SPO founder reflects on what young adults need — and why its model works 

| October 5, 2018 | 0 Comments

Gordy DeMarais talks about evangelization at the Men’s Conference March 18, 2017. Dave Hrbacek/The Catholic Spirit

Gordy DeMarais, 60, has worked in youth and young adult ministry for 40 years. In 1985, he founded St. Paul’s Outreach, a Catholic outreach on college campuses, and he continues to serve as its president. Now the Inver Grove Heights-based organization has a presence in seven states. DeMarais serves on the board of directors for NET ministries and the Catholic Campus Ministry Association, and is a member of the U.S. Conference of Catholic Bishops’ Alliance for Catholic Campus Ministry Committee. He is a parishioner of St. Peter in Mendota and a member of the Community of Christ the Redeemer, a Catholic covenant community. The Catholic Spirit asked him by email to provide an overview of young adult ministry in light of the Synod on Young People, the Faith and Vocational Discernment that began at the Vatican Oct. 3. His responses have been edited for clarity.

Q. Why did you found SPO? Has the need you were seeking to meet changed over the three decades since its founding?

A. Although I grew up Catholic in a good Catholic family going to Catholic schools, I fell away from the faith during my teens. While in college, a friend of mine began to share with me about the love of Jesus Christ and that he had a purpose and plan for my life. That led me eventually to the St. Paul Catholic Youth Center, where I experienced deep conversion and the reawakening of my faith. As I tried to live that newly rediscovered faith in the dorms at college, I struggled. I needed formation. I needed a supportive community. When some years later as a staff person at that same CYC I was given the task of building a local university outreach program, my own experience of being evangelized and needing community and formation formed the backdrop for the way of doing campus outreach that we developed in SPO.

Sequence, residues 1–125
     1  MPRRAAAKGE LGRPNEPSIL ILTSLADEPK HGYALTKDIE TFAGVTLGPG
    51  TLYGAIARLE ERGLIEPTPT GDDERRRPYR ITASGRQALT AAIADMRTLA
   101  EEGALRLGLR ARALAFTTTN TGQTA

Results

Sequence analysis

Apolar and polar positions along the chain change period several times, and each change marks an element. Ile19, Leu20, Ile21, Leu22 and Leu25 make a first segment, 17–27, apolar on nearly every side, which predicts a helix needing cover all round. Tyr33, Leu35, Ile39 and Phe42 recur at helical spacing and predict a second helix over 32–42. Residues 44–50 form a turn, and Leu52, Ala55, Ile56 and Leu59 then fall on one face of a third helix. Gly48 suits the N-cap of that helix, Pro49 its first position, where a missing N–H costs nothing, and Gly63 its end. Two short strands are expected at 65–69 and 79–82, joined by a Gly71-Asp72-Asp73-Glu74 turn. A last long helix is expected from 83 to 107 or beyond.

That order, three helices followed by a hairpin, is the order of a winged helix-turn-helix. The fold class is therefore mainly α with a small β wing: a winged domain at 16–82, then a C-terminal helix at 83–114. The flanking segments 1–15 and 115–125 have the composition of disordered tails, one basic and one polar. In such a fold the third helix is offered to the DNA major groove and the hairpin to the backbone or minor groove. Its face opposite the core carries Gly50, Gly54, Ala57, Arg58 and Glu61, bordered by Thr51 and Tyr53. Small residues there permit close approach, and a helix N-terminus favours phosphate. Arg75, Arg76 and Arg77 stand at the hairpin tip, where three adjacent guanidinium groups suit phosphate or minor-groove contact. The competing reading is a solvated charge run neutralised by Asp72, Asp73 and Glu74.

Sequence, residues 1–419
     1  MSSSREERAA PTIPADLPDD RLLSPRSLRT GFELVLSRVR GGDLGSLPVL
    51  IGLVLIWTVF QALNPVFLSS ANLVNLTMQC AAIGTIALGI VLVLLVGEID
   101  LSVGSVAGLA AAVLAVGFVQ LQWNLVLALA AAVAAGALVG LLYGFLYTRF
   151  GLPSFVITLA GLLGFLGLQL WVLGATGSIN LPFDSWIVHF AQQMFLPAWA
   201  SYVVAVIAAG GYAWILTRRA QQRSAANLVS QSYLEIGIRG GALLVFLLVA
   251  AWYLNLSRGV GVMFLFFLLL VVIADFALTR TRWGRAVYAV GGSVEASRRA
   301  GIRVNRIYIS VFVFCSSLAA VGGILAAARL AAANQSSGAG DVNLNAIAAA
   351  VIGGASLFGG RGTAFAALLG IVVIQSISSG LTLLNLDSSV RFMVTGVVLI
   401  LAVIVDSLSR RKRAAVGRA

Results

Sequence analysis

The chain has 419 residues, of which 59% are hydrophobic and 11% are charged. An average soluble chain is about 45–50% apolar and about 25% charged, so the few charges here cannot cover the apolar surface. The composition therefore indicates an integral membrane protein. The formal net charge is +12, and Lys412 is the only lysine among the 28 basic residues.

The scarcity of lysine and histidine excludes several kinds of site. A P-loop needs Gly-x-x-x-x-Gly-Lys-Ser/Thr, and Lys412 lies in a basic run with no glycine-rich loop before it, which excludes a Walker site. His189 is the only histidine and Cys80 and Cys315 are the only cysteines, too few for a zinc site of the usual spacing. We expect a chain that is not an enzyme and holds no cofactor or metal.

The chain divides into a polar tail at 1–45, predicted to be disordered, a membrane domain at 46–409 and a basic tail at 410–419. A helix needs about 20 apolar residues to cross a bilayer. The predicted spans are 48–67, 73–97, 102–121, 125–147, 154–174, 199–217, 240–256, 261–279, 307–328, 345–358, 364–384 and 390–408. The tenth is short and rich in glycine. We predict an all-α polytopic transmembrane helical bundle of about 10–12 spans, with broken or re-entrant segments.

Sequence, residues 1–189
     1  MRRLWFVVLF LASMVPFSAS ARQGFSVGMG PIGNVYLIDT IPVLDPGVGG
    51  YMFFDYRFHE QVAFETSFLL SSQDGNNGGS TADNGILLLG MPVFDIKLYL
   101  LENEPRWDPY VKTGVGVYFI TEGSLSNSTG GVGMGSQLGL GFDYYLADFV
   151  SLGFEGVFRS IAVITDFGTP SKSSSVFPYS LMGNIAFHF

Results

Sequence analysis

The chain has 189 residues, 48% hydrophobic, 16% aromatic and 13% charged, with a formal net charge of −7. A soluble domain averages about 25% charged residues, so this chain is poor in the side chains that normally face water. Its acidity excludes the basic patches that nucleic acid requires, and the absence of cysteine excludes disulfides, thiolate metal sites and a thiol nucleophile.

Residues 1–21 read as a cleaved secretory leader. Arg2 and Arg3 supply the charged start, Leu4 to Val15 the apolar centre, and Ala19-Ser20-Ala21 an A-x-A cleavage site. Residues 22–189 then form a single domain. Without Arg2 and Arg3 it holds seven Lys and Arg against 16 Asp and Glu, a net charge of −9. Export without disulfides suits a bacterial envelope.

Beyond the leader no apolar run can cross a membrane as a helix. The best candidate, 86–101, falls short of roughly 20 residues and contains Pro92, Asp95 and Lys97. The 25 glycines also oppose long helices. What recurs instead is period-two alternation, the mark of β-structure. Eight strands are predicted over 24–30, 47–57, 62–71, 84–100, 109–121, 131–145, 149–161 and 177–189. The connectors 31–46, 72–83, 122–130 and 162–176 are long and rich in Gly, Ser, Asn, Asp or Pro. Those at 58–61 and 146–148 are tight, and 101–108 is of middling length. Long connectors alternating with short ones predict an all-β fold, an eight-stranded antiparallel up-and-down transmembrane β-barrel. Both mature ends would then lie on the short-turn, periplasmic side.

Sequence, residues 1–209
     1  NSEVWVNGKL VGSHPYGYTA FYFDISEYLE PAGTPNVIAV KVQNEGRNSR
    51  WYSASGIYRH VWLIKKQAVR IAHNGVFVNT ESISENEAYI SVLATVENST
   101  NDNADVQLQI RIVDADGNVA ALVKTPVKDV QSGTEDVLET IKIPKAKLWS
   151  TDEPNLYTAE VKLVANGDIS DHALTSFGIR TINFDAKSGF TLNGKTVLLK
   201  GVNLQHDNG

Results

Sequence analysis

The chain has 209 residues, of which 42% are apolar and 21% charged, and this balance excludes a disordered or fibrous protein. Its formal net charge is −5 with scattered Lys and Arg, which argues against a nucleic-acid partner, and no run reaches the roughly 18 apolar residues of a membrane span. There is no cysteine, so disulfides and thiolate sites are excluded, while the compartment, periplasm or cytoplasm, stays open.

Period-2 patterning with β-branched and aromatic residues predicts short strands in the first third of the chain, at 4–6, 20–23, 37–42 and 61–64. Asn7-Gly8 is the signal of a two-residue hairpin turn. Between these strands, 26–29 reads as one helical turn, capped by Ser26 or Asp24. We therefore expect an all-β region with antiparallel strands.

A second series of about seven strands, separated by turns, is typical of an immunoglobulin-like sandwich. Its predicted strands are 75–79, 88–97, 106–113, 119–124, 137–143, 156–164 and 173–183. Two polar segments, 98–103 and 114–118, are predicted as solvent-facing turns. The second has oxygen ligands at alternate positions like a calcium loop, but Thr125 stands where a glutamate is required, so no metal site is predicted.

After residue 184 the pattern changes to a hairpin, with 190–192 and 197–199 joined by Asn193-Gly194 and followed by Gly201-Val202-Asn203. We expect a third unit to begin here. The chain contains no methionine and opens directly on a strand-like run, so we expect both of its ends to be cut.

If the need has changed, its only in matter of degree. Young people today are more hopeless and lonely. The temptations to abandon faith are strong and ever present. But they are still the same basic need: “Our hearts are restless until they rest in you O Lord.”

Q. How has your work with SPO given you special insight into young adult culture?

A. One of the great blessing and joys of my life is to have been serving in the work of evangelization of young people for over 40 years. Young adulthood is a very important season in a person’s life. It is during these years that people are discovering who they are. They are making choices for themselves that have been made by their parents. They are making choices that will impact the rest of their lives. It is so important that these young people have wise and holy older brothers and sisters in Christ walking with them through this time. It is very important that this time in life be informed by the Gospel of Jesus Christ.

Q. How would you describe the state of millennial culture today?

A. Our world is a challenging place today to live as a faithful committed Christian. The challenges before our young people are significant. At the core of the secular millennial culture is a radical and even perverse selfishness. Life is all about the pursuit of pleasure, the accumulation of things, and the use of other people to attain one’s own goals. Young people, even those with faith, struggle with addiction to media and gaming, pornography and sexual immorality, with loneliness, anxiety and despair. They need the Gospel, and they need to experience that Gospel through loving relationships with others.